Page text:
We get an answer to a black box question once we break it down.


When will I die?

An impossible question. Maybe.

“In 1982, at age forty, I was diagnosed with abdominal mesothelioma, a rare and ‘invariably fatal’ form of cancer,” writes Stephen Jay Gould in Full House. As an academic Gould jumped into learning more

“All the literature contained the same brutal message: mesothelioma is incurable, with a median mortality of eight months following diagnosis.”

Gould had eight months to live, maybe.

Gould’s book precedes Munroe’s talk by a decade but he applies the same break-this-problem-down-into-smaller-parts.

Is 8 months a hard diagnosis, like the departure time for a flight, or something else? Gould thought it was something else. Emphasis again mine.

“I realized that all factors favored a potential location on the right tail – I was young, rarin’ to fight the bastard, located in a city offering the best possible medical treatments, blessed with a supportive family, and lucky that my disease had been discovered relatively early in its course.”

In the same way that Munroe collected variables like “money spent, drive market size, and power consumed,” Gould collected variables like age, location, and timing to update his answer. For someone with those variables the mortality timetable expanded. Gould lived for twenty more years.


How many games will the Cleveland Cavaliers win?

Before the 2015-2016 NBA season the betting number was 57.5 games. On his podcast Bill Simmons said it was a “lock” that they would win less than that. Why? Emphasis again, is mine.

“It scares me a little bit when guys in the NBA have bad shoulder injuries,” Simmons says about Cavalier Kevin Love. “I went under because of the injuries, because Lebron is now in year 13… what’s it going to take to get the #1 seed in the east, 52 wins?” “There were two straight years of his teams in the low to mid 50’s (wins) with Lebron playing like Lebron.”

Simmons breaks down the complicated problem to more manageable ones; will the team stay injury free, what does the competition look like, and what does the historical data say?


Don’t make predictions, find facts.

Each of the examples above, Munroe, Gould, and Simmons follow the same process.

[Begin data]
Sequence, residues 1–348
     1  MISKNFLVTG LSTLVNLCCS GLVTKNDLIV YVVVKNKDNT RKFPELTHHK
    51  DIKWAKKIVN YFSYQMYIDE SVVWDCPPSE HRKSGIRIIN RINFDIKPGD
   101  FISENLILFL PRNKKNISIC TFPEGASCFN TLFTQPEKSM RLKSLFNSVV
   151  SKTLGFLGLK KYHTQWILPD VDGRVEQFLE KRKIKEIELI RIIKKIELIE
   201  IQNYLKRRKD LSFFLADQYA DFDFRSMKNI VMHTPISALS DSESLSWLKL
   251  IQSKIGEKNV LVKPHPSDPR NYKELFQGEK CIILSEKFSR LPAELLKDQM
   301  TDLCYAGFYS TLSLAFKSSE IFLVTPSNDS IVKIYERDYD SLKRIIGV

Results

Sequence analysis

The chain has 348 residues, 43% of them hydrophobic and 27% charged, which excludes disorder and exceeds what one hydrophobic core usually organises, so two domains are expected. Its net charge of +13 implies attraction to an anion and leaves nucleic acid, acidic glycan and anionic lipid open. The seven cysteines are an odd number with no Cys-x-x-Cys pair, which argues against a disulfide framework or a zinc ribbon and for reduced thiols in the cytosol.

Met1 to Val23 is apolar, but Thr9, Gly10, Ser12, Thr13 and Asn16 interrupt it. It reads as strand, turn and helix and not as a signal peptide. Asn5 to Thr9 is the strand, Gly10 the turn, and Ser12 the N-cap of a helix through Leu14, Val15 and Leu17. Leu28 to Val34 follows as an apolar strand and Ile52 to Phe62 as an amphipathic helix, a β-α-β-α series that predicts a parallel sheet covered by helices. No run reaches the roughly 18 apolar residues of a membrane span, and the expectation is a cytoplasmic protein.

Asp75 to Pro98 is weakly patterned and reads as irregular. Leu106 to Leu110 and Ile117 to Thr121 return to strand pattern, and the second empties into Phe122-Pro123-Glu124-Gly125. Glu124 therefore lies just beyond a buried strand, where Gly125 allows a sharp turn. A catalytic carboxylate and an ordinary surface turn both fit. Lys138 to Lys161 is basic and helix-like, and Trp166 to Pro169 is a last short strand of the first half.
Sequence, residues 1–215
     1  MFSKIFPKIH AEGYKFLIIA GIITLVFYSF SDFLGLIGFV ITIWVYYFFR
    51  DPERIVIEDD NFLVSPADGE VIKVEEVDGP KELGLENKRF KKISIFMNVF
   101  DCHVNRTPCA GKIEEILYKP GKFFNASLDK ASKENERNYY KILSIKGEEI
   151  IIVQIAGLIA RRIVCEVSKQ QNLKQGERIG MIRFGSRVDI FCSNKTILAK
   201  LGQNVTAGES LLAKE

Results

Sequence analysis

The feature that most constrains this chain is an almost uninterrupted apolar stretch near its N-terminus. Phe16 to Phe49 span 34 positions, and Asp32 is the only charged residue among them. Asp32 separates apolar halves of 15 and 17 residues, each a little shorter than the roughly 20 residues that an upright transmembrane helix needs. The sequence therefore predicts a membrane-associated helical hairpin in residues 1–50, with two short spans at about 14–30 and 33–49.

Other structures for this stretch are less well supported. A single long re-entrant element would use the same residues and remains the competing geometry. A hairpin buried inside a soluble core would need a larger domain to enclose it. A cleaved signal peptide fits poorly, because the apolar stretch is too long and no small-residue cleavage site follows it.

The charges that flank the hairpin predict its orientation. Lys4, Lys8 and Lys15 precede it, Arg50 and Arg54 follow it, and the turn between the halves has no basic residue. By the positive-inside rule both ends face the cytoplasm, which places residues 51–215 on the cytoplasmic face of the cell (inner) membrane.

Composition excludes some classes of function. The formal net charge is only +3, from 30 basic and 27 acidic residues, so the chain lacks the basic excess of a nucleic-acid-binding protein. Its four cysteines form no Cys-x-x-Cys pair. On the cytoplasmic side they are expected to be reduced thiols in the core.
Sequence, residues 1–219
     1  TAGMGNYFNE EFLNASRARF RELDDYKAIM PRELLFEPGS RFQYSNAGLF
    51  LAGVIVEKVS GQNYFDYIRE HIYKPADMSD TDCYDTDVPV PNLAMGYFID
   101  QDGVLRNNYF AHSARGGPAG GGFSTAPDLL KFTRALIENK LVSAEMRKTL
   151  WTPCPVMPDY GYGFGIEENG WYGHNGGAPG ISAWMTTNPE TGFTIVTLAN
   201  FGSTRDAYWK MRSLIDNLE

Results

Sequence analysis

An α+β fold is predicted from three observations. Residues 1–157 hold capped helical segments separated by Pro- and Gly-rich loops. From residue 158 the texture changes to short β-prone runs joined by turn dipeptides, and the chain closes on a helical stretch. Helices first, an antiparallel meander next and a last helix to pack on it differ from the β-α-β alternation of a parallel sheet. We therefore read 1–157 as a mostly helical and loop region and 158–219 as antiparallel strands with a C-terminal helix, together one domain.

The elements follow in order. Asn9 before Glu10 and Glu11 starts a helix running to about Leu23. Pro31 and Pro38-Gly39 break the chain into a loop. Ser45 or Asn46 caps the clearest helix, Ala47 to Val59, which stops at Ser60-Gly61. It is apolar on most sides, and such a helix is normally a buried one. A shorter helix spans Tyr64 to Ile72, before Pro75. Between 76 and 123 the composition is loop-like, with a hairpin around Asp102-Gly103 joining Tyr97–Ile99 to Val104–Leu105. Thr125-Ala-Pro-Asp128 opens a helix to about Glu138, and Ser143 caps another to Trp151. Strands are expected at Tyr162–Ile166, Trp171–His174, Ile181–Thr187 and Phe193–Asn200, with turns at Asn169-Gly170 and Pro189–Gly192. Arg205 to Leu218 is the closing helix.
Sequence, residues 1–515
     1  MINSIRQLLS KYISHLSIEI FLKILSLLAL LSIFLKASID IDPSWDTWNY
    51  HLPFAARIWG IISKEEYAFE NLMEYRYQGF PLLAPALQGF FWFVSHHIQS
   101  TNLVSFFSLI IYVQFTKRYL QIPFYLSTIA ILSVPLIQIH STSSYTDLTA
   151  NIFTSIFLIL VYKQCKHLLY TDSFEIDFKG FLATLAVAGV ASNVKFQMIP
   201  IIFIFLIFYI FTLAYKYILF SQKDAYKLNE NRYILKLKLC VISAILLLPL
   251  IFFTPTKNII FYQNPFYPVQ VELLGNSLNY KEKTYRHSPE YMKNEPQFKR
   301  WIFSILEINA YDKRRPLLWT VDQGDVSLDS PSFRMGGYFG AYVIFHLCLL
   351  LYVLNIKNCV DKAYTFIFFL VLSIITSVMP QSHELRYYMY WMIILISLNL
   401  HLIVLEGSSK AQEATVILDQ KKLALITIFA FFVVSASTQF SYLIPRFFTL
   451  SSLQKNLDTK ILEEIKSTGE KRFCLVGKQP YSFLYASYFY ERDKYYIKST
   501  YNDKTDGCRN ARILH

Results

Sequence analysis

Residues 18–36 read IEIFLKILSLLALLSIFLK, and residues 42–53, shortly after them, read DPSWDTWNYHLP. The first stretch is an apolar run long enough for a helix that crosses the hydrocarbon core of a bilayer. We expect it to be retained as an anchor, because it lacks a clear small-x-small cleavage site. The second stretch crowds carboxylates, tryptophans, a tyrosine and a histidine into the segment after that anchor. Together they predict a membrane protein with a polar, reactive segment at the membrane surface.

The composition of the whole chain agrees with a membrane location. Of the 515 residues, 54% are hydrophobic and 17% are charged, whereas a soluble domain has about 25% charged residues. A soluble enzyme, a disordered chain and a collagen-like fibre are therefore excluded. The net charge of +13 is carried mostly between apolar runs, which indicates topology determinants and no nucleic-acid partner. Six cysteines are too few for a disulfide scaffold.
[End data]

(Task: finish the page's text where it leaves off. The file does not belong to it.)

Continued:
First, they break black box problems down into smaller questions and they answer those questions with facts.

  • Munroe does computations with the dimensions of a server rack.
  • Gould reads medical journals about mortality rates.
  • Simmons finds past season win totals.

Charlie Munger said, “[Projections] are put together by people who have an interest in a particular outcome, have a subconscious bias, and its apparent precision makes it fallacios. They remind me of Mark Twain’s saying, “A mine is a hole in the ground owned by a liar.”

Tren Griffin writes in his book about Munger, “Effective (Benjamin) Graham value investors are like great detectives. They are constantly looking for bottom-up clues about what has happened in the past, and more importantly, what is happening now. Graham value investors like Munger stay away from making predictions…What Munger looks for is a business that has a significant track record.”

Mellody Hobson said that when her company bought Madison Square Garden some people undervalued it because the basketball team playing inside wasn’t good. That’s not finding facts. “There may be a perspective,” Hobson said,  “of ‘they’re winning or not winning’ but we can look at the data like season ticket holders buying every year.”


Summary: 3 steps summary to fermi-ize well

1- Don’t be overwhelmed by complexity, just take things one bite at a time. Imagine your problem is just a giant Lego castle and the pieces need sorted.

2- Filter out what is knowable and what is unknowable and focus on the former. Separate the two piles.

3- Find factual answers for questions in your knowable piles.

Thanks for reading, I’m @mikedariano on Twitter. If you liked this post you can donate a few bucks here.

* I hate giving titles like “entrepreneur and homeschooling mother” or “billionaire” but I don’t know a better way to share that a person is awesome.



7 thoughts on “How to solve ‘black box’ problems.”

  1. […] The introduction of Stone’s book includes a warning too. When he approached Bezos, Bezos asked about the narrative fallacy (Antifragile  is one of Bezos’s favorite books, “which all Amazon senior executives had to read”).  Thinking more deeply about something can help us make better choices but it’s not a silver bullet. It’s one of many things that solve black box problems. […]